In this B2B Sales Trends survey, respondents agreed that the biggest priority for modern sales teams is improving the customer experience with more in-person sales contact. In short, today’s sales teams understand that using automation to create more personal selling time is the best way to maximize new revenue.
2. Prioritize the buying experience
Beyond automation, when planning tech investments, each new solution should translate in some way back to a better experience for the buyer. Keep in mind that today, that buyer might face new challenges because of a remote working environment. If that connection can’t be made, you should think twice about investing in the technology. Some tools will be customer-facing and will provide direct benefits during the buying process—faster, more convenient sales or greater personalization. Others may help indirectly, enabling sellers to find answers faster, surface the right information automatically or interact more easily with other teams (finance, legal, etc.).
The idea is to understand how buyers want to engage and find ways to proactively meet them on their terms to solve their pain points. Every organization will have a unique selling system and a unique buying audience, but the overall guiding principle of technology investments stays the same—providing the best experience for buyers.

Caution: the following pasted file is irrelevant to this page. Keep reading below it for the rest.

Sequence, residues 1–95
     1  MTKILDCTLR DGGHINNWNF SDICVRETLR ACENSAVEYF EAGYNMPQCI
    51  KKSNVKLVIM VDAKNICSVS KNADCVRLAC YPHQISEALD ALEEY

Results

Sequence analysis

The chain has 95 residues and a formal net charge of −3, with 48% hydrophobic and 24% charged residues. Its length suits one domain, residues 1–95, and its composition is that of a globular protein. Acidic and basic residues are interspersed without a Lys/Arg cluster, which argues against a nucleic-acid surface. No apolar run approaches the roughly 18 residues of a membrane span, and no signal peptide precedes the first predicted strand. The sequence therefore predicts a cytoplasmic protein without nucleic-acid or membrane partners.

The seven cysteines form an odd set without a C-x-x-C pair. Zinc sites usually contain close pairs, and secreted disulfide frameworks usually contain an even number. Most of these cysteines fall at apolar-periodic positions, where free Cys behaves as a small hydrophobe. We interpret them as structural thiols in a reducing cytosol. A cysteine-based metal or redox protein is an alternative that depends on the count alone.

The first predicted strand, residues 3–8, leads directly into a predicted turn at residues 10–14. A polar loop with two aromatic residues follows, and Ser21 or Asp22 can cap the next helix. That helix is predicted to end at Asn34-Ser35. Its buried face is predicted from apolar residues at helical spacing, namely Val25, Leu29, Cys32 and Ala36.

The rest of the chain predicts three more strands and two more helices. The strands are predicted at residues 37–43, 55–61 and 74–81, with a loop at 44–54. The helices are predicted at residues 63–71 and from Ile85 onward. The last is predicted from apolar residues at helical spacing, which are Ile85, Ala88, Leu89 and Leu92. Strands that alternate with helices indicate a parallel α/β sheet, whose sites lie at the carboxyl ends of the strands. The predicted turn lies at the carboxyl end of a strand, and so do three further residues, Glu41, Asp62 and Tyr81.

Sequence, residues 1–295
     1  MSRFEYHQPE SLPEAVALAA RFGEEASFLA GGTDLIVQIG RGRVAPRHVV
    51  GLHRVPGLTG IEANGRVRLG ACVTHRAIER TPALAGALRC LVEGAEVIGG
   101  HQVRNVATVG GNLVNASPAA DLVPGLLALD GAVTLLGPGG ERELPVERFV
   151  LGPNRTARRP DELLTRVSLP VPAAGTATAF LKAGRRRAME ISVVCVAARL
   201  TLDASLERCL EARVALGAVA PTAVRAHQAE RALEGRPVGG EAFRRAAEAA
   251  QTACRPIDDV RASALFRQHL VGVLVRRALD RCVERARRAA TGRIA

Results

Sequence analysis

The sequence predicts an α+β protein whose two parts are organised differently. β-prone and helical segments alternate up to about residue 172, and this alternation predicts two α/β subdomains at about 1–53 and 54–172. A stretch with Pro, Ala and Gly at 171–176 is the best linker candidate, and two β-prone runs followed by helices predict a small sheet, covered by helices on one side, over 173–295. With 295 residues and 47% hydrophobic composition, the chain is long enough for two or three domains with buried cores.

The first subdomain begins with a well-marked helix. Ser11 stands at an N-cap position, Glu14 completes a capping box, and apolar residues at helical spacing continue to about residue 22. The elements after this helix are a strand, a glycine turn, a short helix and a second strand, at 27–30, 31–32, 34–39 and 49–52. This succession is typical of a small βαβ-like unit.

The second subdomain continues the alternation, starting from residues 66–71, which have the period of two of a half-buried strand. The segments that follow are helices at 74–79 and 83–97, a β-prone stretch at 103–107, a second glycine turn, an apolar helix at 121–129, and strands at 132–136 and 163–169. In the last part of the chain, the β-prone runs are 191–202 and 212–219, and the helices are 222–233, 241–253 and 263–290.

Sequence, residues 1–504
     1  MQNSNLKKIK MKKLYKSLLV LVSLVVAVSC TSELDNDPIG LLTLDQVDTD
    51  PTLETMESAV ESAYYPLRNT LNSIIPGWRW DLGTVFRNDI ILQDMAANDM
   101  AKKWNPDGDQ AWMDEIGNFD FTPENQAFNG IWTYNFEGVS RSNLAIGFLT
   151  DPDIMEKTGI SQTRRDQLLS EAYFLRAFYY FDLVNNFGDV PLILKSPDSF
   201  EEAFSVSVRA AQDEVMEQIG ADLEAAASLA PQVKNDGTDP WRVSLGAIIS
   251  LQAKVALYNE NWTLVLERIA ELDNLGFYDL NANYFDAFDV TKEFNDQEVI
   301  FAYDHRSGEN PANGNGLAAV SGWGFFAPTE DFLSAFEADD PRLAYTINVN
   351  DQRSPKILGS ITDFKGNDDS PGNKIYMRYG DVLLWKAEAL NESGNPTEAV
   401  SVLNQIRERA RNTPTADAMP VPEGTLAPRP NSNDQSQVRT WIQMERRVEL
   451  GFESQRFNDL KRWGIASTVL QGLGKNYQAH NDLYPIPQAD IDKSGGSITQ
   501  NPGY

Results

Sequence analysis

3. Have a plan for your technology
The point of making technology investments is to build a system of selling tools that all fit together as a whole. To do this, you need to have a vision for the entire business and a view of how technologies and processes work in harmony—how data flows, which departments will need access to what, how things will change in the future, and more. Once that vision is in place, it’s time to build, making strategic purchases rather than reactively adding a series of one-off point solutions. The goal is to think about achieving long-term business success, not putting a bandage on short-term pain points.
When your sales and IT team build a technology vision, consider the following:
- Integrations with other critical business tools
- Cross-departmental use and access (legal, finance, marketing , et al)
- Minimizing solution overlap and duplicate tools
- Future needs and whether technologies can grow to meet those needs
- A timeline to build the complete selling stack
- Scalability and security requirements
Innovative technology solutions give sales teams new capabilities to navigate an increasingly complex and challenging sales process. Teams that don’t stay ahead of the technology curve may be unable to meet the new demands of buyers. To compete, it’s important to develop a clear technology strategy for your modern sales team that emphasizes automation opportunities and positively impacts customer experience. This will give your sales team a major technological advantage in the short and long run.